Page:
So, how does one remove barely visible glass shards without washing them down the sink drain? The same way one would remove them from the floor. One of the most common ways to remove tiny glass pieces is with a wet paper towel.
Take a large paper towel and roll it in multiple layers. Dampen it, then press it against a portion of the sink’s surface. Do so a few times, then dispose of the paper towel and get a fresh sheet.
I found you will need to be very careful as the sharp pieces of glass can cut through the paper towel quite easily. It does work quite well though.
Use Bread to Clear the Pieces
If the paper towel method looks too dangerous or you just don’t want to run out of paper towels, you can use bread to the same effect. Bread helps pick up tiny shards that your broom may have missed, but it can miss out on tinier pieces that are smaller than the bread holes.
It is also risky to use bread because the slice requires more pressure to grip glass pieces, and given how any piece can puncture through the bread, your hand remains at risk throughout the cleaning session. More importantly, this cleaning method costs a lot. One slice of bread clears three slices’ worth of area in the sink. That equates to a dozen slices going, pardon the pun, down the drain.
I did find that this method worked very well. You only need to apply gentle pressure and you can pick up the smallest of glass pieces. You don’t have to pinch the bread to grip them either.
If this method is less safe than a wet paper towel and costs more, why is it even included? Because using a bread slice to clear glass doesn’t require you to make the sink wet. As mentioned earlier, you do not want the glass shards wet and slippery, so water in the sink must be minimized until you’re ready to clear the plumbing.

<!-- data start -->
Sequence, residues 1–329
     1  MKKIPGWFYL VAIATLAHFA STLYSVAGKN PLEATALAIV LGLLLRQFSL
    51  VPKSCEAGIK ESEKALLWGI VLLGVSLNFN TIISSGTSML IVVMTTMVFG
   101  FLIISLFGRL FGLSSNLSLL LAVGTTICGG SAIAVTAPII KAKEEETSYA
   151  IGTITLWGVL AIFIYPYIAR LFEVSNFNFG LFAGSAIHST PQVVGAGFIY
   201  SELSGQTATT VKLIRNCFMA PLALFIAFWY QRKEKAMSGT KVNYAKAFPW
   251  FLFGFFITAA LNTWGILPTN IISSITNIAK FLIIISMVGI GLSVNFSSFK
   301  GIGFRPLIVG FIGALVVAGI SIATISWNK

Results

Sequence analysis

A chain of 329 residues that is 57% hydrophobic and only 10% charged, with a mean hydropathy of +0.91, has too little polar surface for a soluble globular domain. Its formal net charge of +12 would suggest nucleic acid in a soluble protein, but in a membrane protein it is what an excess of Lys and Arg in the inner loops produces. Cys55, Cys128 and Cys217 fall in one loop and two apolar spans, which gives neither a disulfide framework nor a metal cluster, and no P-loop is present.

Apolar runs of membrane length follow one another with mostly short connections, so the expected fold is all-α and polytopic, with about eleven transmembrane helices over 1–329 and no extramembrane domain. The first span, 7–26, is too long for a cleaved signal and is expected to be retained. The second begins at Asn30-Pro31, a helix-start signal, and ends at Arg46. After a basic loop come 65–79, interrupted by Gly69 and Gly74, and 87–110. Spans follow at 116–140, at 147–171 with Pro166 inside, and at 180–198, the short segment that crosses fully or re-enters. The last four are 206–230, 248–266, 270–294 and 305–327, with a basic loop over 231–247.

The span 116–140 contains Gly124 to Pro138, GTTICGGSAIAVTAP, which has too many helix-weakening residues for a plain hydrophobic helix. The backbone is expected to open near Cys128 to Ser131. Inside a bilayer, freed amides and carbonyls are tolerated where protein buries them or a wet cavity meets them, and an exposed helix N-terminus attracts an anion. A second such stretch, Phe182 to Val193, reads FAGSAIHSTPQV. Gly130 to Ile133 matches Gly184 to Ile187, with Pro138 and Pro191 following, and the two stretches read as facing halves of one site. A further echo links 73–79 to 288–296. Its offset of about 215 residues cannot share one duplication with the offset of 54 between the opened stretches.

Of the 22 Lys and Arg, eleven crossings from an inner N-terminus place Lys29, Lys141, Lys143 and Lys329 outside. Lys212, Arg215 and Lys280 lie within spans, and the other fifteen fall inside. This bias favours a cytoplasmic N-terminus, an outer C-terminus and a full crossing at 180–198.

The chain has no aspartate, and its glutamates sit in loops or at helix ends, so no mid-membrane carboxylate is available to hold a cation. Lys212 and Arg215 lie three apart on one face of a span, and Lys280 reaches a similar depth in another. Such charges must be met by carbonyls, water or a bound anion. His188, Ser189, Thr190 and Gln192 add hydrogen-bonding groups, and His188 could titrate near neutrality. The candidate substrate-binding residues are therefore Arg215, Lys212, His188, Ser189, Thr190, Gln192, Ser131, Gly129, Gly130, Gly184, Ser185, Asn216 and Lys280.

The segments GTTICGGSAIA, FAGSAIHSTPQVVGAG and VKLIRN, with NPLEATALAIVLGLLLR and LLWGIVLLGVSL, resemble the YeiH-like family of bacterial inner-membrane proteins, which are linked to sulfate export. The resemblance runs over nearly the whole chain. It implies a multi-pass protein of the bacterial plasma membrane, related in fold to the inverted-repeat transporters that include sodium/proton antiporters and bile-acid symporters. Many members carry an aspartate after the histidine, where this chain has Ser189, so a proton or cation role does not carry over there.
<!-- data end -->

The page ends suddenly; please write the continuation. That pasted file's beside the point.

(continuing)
In general glass-picking, the bread method allows one to get heavier chunks that would fall off if retrieved with a paper towel, but that advantage does not apply here because you’ve already used a broom to remove those pieces.
Use A Potato
If the comparison between the paper towel method and the bread method is a little confusing, a potato comes as the clear winner. Not only is a potato more effective at picking shards of the most diverse sizes, but it is also safer for your palms.
You will just need a potato cut in half and that’s it! The small pieces of glass stick very well to the potato.
Press it down gently until glass shards stick to it. You might have the urge to press down hard, but that’s not required. Even touching the potato’s surface makes glass pieces stick.
Tiny Glass Removal Methods Compared
If you’ve skimmed through the three sections above or are simply unsure as to which you should use, the following table will help you decide which method fits your situation. Remember, you can always use a combination of these.
|Use a damp paper towel if:||Use a slice of bread if:||Use a potato if:|
|The glass pieces are barely visible||The glass pieces are visible but can’t be broomed onto a dustpan||The glass pieces are a mix of barely visible and sharp, noticeable bits|
|You have paper towels nearby||You have old bread you don’t need||You have potatoes lying around.|
|Your sink covers a large area||You have a relatively small sink||Your sink’s plugholes are small, which creates a broad mix of glass pieces that get left behind|
|If you have a pair of gloves||If no piece of glass is bigger than the breadth of the slice||If you don’t have gloves|
If you want to use all three methods, the best sequence is as follows
- Use the potato first, so the widest range of glass shards is cleared first.
- Then use the bread to remove the largest remaining pieces
- Finally, use the damp paper towel to remove pieces that you can barely notice.